Abstracts (first author)

Invited Speaker 

Applied evolutionary genomics in fish conservation: some success stories and challenges for the future

Author(s): Bernatchez L

Summary:

Conservation genetics has been defined as the application of genetics to preserve species as dynamic entities capable of coping with environmental change. Towards this end, molecular data can play two fundamental roles. The first one, inventorial, pertains to documenting patterns and has driven much of what we have accomplished until now. The second, mechanistic, refers to deciphering evolutionary processes underlying those patterns, is still in its infancy and this is where most of us put big hopes in the use of modern, high throughput genomics methods. Ultimately, we aim at finding causal relationships between genetic variation, phenotypes and the environment to predict future dynamics of selectively important variation and potential for adaptation to new conditions. In this presentation, I will illustrate some of the progress that we have made towards this end from our own research on fish conservation and management, and will comment on the main challenges that remains to be circumvented, no matter the power and resolution of the current genomics methods at hands.



Abstracts (coauthor)

Summary:

Identifying genes of adaptive significance in a changing environment is a major focus of ecological genomics. Such efforts were restricted, until recently, to researchers studying a small group of model organisms or closely related taxa. With the advent of next generation sequencing (NGS), genomes and transcriptomes of virtually any species are now available for studies of adaptive evolution. We experimentally manipulated temperature conditions for two species of Australian rainbowfish (Melanotaenia duboulayi and M. fluviatilis) and measured differences in RNA transcription between control and high temperature groups. These nonmigratory species are found across a latitudinal thermal gradient in nonoverlapping areas of eastern Australia and are predicted to be negatively impacted by ongoing environmental and climatic change. Using next generation RNAseq technologies on an Illumina HiSeq2000 platform, we assembled a de novo transcriptome, mapped reads back to this transcriptome and tested for differential expression across the treatment groups. Quality of the assembly was high with a N50 length of 1856 bases. Of the 107,749 assembled contigs, we identified 4251 that were differentially expressed according to a consensus of four different mapping and significance testing approaches. Once duplicate isoforms were removed, we were able to annotate 614 up-regulated transfrags and 349 that showed reduced expression in the higher temperature group. Annotated blast matches reveal that differentially expressed genes correspond to critical metabolic pathways previously shown to be important for temperature tolerance in other fish species. Interestingly, the two sister species returned a similar list of differentially expressed genes. Our results indicate that rainbowfish exhibit predictable plastic regulatory responses to temperature stress and the genes we identified provide excellent candidates for investigations of population adaptation to increasing temperatures.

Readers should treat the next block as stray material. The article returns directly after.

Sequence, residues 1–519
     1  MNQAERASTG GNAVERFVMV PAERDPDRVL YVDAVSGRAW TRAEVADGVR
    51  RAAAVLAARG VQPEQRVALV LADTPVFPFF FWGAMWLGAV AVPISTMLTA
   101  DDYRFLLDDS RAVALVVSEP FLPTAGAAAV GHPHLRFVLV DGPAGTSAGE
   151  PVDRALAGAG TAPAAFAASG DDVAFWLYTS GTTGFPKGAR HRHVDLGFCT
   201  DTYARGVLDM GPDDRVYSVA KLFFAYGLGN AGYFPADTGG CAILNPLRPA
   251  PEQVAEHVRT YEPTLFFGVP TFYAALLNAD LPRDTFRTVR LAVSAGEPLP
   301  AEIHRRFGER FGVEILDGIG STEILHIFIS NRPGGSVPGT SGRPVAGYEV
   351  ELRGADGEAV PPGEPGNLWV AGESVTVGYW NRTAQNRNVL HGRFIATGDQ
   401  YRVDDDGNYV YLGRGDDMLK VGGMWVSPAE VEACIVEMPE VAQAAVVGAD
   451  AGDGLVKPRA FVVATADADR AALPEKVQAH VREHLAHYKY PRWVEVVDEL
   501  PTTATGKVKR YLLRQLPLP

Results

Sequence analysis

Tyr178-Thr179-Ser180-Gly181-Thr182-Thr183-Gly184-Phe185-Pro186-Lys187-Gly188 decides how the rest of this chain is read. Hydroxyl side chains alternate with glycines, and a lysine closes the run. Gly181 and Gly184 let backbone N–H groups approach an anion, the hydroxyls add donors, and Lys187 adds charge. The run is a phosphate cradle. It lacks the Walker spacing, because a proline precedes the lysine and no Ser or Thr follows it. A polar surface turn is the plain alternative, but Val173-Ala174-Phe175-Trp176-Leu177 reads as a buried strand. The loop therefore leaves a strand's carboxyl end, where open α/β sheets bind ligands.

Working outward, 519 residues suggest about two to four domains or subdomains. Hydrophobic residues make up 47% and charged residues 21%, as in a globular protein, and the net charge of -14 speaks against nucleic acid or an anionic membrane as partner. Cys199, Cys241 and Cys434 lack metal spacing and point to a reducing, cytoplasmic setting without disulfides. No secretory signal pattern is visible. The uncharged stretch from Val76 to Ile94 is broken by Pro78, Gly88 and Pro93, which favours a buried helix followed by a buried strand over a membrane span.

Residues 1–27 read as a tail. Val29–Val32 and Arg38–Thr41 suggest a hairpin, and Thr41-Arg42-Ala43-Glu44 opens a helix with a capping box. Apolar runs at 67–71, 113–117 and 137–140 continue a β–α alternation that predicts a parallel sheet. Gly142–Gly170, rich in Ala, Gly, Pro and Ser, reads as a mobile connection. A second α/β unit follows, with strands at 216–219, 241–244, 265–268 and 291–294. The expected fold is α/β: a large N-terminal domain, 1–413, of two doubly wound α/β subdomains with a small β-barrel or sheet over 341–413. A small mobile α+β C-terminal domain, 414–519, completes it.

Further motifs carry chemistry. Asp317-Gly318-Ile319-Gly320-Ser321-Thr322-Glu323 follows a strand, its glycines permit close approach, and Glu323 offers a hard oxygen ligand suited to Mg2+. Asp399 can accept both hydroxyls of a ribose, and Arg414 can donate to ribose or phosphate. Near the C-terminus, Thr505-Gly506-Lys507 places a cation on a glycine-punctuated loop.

Speciation history of the Atlantic eels

Author(s): Jacobsen, MW, Pujolar JM, Frydenberg J, Mayar JM, Gilbert MP, Bernatchez L, Als TD, Hansen MM

Summary:

Allopatric speciation has generally been considered the most prominent process for the evolution of new species. Although evidence for sympatric speciation has increased recently it is still controversial to what degree it occurs in nature. Hence, it is generally accepted that allopatric speciation should be the null hypothesis against which sympatric speciation is tested. Marine environments often have no obvious geographic barriers, which makes sympatric speciation a likely scenario. However, only few marine organisms have the characteristics that make them good candidates for testing mode of speciation. The European and American eel (Anguilla anguilla and A. rostrata) are panmictic species that spawn in the Sargasso Sea. Their spawning area and time overlap considerably. Hybrids are rarely observed, indicating reproductive barriers. In this study we conduct whole mitochondrial genome and RAD sequencing to investigate the speciation history of the two Atlantic species of eel. Using coalescence based analyses we estimate divergence time to test the hypothesis that speciation occurred long time ago in sympatry. As a result of continental drift the distance between the spawning grounds increased, causing selection on e.g. duration of the larval phase. The alternative hypothesis concerns speciation in allopatry during the Pleistocene. Glaciations significantly decreased the amount of available habitats in coastal regions and freshwater bodies. Hence, population size is likely to have undergone a severe decrease. The smaller population sizes of European and American populations would result in reduced overlap of spawning area leading to reproductive isolation. The impact of the last glaciation on effective population size is assessed by conducting Bayesian skyline plots based on the mtDNA. Finally, patterns of genome-wide selection between the two species are analyzed using RAD sequence data in order to detect genes and genomic regions involved in speciation.

Contacts

Chairman: Octávio S. Paulo
Tel: 00 351 217500614 direct
Tel: 00 351 217500000 ext22359
Fax: 00 351 217500028
email: mail@eseb2013.com

Address

XIV Congress of the European Society for Evolutionary Biology

Organization Team
Department of Animal Biology (DBA)
Faculty of Sciences of the University of Lisbon
P-1749-016 Lisbon
Portugal

Website

Computational Biology & Population Genomics Group 
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